Research team studies the compelling connection between one of NIH’s “most wanted” bacteria and mental health.
Researchers have established a correlation between depression and a group of neurotransmitter-producing bacteria found in the human gut.
The research team from the U.S. Department of Energy’s (DOE) Argonne National Laboratory, Northeastern University and elsewhere made the connection by first isolating the KLE1738, a bacterium that has a surprising dependency upon a brain chemical called gamma-aminobutyric acid (GABA).
“The association of microbial GABAmetabolism with mental health is highly compelling,” said Jack Gilbert, group leader for microbial ecology at Argonne who also holds new faculty appointments at the University of California, San Diego, in the Department of Pediatrics and at Scripps Institution of Oceanography. “The general ability of the microbiome to produce and/or consume GABA has not been as broadly described before, and a bacterium dependent on GABAhas never been reported.”
Gilbert and 18 co-authors published their findings on December 10, 2018, in Nature Microbiology.
“Because of its unique growth requirements, nobody else has reported growing KLE1738,” said Philip Strandwitz, the article’s lead author and a postdoctoral research associate at Northeastern University’s Antimicrobial Discovery Center. Strandwitz and his colleagues have proposed the name Evtepia gabavorous for KLE1738. They will more fully describe the bacterium in a future publication.
KLE1738 had previously appeared on the “most wanted list” of the National Institutes of Health, meaning that it had yet to be cultured, despite its relative prevalence in the human gut. The bacterium has been detected in nearly 20 percent of the human gut microbiomes available in the Integrated Microbial Next Generation Sequencing Database.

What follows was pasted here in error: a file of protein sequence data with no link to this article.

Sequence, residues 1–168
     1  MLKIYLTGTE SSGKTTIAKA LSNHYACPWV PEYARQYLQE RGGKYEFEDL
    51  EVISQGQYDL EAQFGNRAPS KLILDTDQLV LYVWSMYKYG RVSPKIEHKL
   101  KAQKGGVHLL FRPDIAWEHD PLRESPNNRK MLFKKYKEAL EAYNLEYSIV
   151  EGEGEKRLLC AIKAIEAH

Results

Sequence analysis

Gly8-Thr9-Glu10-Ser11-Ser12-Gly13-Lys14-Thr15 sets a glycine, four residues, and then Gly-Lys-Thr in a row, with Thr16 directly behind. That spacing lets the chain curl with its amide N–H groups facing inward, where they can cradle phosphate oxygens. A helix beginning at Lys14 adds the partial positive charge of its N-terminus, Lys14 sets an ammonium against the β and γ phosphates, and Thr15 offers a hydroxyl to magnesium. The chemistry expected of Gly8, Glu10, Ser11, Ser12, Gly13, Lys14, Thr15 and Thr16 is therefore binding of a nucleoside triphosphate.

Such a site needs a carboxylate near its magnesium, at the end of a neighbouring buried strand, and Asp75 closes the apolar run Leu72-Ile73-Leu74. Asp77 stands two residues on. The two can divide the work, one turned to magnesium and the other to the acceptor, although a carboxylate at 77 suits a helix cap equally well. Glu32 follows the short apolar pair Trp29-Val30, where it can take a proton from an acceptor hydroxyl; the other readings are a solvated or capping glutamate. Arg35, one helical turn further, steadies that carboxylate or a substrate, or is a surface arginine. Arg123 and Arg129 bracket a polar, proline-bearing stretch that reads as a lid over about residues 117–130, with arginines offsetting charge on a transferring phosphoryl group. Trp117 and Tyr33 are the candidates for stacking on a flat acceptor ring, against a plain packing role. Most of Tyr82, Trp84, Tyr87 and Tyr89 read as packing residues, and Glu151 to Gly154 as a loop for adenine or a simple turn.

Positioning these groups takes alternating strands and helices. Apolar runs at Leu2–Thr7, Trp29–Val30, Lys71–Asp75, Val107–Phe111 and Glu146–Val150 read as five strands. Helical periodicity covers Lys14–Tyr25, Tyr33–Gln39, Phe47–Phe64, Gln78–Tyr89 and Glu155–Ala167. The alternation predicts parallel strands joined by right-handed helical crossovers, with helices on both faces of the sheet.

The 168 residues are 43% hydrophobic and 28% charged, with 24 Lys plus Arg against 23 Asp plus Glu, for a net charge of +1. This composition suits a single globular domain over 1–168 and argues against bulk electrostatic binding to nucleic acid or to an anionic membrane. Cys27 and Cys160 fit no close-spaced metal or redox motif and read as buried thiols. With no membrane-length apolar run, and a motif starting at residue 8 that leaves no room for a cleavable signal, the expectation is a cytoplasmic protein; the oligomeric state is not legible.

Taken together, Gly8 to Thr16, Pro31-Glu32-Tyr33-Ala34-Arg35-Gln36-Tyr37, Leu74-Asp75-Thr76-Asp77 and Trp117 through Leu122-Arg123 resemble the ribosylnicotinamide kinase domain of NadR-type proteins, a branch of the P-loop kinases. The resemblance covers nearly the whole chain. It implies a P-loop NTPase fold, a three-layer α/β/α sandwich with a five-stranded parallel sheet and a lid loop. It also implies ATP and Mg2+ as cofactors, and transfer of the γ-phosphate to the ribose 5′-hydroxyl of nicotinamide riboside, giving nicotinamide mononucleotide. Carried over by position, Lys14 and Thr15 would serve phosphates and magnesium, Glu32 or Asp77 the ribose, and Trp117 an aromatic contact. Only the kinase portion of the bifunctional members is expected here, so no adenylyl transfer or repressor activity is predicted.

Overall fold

Gut microbiota, the entire collection of microorganisms found in that habitat, affect many important functions, including the immune response and the nervous system. Nevertheless, many microorganisims residing in the human gut remain uncultured, which the research team called “an obstacle for understanding their biological roles” in the Nature Microbiology article.
More such microorganisms probably remain uncultured because they require key growth factors that are provided by neighboring bacteria in their natural environments, but not under artificial laboratory conditions. During an extensive screening process, the team found that KLE1738 required the presence of Bacteroides fragilis, a common human gut bacterium, to grow.
Further biological testing and purification led to the isolation of GABA as the growth factor produced by Bacteroides fragilis. GABA was, in fact, the only nutrient tested during the experiments that supported the growth of KLE1738.
In the next research phase, the team explored the possible connection between Bacteroides and depression. Stool samples and functional magnetic resonance imaging measurements of brain activity were collected from 23 subjects suffering from clinically diagnosed depression.
The researchers found an inverse relationship between the relative abundance of fecal Bacteroidesand functional connectivity in a part of the brain associated with elevated activity during depression. This means that low abundance of Bacteroides was associated with high activity in that part of the brain, and vice versa.
“A good first step is to repeat our findings in additional human cohorts, which we are actively exploring,” said Strandwitz of further research. “When it comes to depression, animal models are often difficult to translate, which is why we are so excited about human studies. “
Recent work published in the journals Science and Cell have identified the presence of sensory neurons in the gut that are hard-wired to the brain. “It would be great to explore whether microbial GABA can act as a signal via that pathway,” said Anukriti Sharma, a co-author of the Nature Microbiology article and a postdoctoral scholar at Argonne.
Strandwitz and co-author Kim Lewis, a distinguished university professor at Northeastern, have founded a biotechnology company, Holobiome, to develop microbiome-based therapeutics that target diseases of the nervous system. Gilbert is a member of the company’s scientific advisory board. Additional research will be needed, however, before it may become possible to develop a treatment for people suffering from depression.
“Significant work must be done to first, validate the link between microbial GABA producers and depression,” Strandwitz said. “And second, if validated, identify the right approach to develop bacterial — or some sort of intervention — as therapeutics.”
This study was supported by the National Institutes of Health and the National Institute of General Medical Sciences.